Perhaps even more important to note however is that all recoveries under the False Claims Act were citizen-initiated. None of these cases of fraud were uncovered by government auditors. False Claims Act recoveries thus reflect only a portion of financial fraud recoveries by our government, and certainly, many cases of fraud go undetected entirely. And there is no reason to expect that similar fraud does not take place against group and private health insurance providers.

Think defense is expensive?

The False Claims Act was amended in 1986 in response to public furor over excessive billings by defense contractors ($700 toilet seats, anyone?). Clearly, defense contractor fraud is still a major problem. It has of late however been dwarfed by healthcare fraud.

We have well in excess of 40 million citizens in our country currently without medical coverage, and this number is growing. For those with employer-provided coverage, that coverage is steadily shrinking even as co-pays and employee contributions are rising. For those privately insured, annual premium increases of over 40% are being reported.

The movement for a single-payer healthcare system for our country that covers every citizen is once again gaining steam, being buoyed for these obvious reasons. Detractors of course say that we cannot afford it, ignoring the evidence that we are already paying for it, but simply not getting it. One of many ways to pay for a single-payer system is obvious via this Corporate Crime Reporter publication. Cutting back on health provider fraud will provide literally billions of dollars a year towards this goal. But how can a single-payer system help to do this? Two ways, in fact.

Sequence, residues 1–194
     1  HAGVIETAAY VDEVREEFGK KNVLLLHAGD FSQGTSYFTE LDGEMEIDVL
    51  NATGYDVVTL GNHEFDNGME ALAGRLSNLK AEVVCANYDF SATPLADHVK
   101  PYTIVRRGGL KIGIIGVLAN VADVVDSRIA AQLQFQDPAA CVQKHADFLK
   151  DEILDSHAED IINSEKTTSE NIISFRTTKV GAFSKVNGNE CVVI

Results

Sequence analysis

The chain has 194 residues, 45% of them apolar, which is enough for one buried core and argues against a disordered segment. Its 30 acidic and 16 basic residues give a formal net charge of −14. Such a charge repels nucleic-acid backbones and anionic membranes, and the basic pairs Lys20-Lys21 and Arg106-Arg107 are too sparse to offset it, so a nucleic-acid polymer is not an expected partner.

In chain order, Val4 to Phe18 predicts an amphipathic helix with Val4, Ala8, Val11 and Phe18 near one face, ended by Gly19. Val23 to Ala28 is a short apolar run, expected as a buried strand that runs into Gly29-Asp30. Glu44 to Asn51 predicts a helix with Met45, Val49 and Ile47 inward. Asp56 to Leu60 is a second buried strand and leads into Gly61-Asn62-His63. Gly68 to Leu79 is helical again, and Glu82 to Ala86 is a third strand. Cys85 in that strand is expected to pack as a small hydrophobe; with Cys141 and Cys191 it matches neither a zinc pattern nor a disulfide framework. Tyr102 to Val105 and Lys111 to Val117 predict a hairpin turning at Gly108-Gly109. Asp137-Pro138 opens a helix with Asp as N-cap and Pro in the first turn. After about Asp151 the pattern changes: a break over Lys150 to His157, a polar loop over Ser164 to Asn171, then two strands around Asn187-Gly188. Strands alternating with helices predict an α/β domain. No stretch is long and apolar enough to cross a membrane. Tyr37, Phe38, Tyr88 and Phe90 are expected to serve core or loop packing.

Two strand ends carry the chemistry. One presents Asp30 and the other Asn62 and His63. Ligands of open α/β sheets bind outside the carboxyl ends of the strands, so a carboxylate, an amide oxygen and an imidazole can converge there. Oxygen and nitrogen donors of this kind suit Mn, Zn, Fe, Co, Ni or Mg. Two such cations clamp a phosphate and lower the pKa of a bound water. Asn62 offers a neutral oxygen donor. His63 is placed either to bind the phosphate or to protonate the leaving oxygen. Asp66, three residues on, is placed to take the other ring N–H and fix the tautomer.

First, a great expense for any medical office or hospital lies in the billing process. There are literally thousands of medical insurance providers, each with their own unique requirements for processing medical claims. All of these offices and hospitals are required to develop a billing staff with expertise in handling all of this. The medical profession itself has been complaining about this for over two decades because developing this expertise costs them money. A single-payer system almost entirely eliminates the need for and the money required to develop this level of expertise. And money removed from this billing process is money that can go into the actual delivery of healthcare.

The second way is actually twofold. First, government auditors will benefit from this single method of paying claims by being better able to better hone their skills at detecting fraud. Second, all basic medical payments will be brought under this single-payer system and this single audit function. Fraudulent billing wherever it occurs will be audited centrally and with a consistency that we simply cannot have under our current system.